|That bee skin is so helpful you won't stop to question why this is what Nemo dreams about|
It's a licensed tie-in to a property over 100 years old. Alright, so it's actually a tie-in to a popular anime that was only a year old at the time but that film wouldn't get a release outside of Japan until two years after this game hit stores. That meant in most markets people hadn't seen anything related to the Little Nemo property since the 1930's, well before most parents at the time had even been born. To say the property was unknown is an understatement, so Capcom needed to treat this like an original IP if they wanted it to sell outside Japan. That means making a case to the consumer what this game is and why they should try it.
Of course, Capcom did not do this. I can't remember any marketing for this game although a YouTube search did pick up this utterly bizarre commercial:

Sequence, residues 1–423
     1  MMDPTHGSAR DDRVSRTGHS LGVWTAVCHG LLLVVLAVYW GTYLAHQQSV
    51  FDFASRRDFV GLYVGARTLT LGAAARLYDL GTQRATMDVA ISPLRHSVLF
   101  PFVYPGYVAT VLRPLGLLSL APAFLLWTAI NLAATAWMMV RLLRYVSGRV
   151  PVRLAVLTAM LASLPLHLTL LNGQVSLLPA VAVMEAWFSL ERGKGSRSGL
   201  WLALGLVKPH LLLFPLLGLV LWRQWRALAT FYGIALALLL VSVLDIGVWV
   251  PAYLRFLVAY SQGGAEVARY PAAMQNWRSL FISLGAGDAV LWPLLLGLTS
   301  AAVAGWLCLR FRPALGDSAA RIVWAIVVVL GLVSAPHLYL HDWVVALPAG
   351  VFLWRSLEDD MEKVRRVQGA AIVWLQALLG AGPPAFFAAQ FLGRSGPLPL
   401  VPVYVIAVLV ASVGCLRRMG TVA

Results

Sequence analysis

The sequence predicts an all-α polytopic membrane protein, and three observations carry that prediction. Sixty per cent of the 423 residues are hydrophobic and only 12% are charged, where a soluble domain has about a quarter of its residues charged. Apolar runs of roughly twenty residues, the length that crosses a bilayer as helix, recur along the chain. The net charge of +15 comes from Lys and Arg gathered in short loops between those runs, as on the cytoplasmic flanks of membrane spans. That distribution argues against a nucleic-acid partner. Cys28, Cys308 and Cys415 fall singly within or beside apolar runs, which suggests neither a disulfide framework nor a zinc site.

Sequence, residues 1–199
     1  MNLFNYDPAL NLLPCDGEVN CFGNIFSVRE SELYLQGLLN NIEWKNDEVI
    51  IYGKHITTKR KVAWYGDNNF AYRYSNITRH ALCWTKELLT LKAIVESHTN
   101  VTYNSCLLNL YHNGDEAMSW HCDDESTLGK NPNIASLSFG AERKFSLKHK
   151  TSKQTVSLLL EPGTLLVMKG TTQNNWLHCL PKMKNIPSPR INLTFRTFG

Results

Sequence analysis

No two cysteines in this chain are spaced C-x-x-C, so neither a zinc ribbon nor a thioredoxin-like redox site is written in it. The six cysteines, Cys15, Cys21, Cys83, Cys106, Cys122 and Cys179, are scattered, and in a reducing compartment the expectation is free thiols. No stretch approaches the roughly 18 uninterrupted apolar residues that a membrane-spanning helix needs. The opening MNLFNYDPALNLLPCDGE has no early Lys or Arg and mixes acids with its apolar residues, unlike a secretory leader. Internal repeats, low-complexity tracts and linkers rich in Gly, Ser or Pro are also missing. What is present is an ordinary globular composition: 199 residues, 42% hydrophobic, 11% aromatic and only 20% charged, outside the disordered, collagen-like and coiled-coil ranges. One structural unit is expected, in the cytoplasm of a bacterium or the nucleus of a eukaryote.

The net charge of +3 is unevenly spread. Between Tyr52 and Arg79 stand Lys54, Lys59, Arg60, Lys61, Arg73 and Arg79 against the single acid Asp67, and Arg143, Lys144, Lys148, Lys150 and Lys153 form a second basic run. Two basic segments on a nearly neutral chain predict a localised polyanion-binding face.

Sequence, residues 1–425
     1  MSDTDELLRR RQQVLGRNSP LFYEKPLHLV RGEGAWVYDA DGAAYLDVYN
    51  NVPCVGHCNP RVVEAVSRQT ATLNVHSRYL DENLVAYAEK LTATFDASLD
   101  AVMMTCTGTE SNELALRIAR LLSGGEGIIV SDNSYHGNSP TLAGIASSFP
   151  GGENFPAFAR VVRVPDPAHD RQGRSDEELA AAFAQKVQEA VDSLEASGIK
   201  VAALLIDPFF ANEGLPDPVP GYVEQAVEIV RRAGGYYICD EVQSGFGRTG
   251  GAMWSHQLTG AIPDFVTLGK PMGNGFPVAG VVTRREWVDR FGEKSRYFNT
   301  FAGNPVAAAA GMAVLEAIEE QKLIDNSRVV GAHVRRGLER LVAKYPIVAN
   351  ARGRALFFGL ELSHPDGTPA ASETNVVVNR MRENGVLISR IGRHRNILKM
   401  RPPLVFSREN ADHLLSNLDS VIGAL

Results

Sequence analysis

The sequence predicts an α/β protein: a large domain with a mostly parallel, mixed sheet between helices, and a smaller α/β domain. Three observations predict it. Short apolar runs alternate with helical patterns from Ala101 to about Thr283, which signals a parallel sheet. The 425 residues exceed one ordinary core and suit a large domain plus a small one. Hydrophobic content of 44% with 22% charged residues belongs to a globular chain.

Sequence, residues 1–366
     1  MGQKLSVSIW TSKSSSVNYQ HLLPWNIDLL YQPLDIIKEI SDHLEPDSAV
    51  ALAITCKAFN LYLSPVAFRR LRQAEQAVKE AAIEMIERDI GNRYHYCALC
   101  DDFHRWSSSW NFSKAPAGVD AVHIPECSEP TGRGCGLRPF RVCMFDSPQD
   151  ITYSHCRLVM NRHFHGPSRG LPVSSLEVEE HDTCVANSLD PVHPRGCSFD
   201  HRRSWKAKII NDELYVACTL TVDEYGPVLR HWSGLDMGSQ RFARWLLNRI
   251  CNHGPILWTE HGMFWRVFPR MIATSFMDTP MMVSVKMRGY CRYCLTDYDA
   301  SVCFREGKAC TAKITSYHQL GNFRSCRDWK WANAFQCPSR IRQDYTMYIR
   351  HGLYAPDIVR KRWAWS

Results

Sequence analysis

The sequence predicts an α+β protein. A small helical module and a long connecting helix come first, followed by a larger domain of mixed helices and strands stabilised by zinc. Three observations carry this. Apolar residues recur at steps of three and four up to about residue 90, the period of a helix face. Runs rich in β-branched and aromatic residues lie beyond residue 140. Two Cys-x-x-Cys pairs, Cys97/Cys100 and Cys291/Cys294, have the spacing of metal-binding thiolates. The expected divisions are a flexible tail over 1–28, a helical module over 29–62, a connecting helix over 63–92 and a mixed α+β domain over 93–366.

I've played this game off and on over the past two decades and still have no freaking clue how this commercial connects to the game beyond the occasional schizophrenic flashes of in-game footage. They make the game seem like something based around Nightmare on Elm Street, with Capcom sending middle-management and Jesse Eisenberg through your neighborhood at night to tap into your secret fears. Nowhere in that commercial is the slightest inkling of the lighthearted ethereal setting contained within the game. They've taken a game filled with bright, colorful landscapes and show only the bleak final level in nightmare land. If it wasn't for the box art at the end you wouldn't even know this is an ad for a game at all.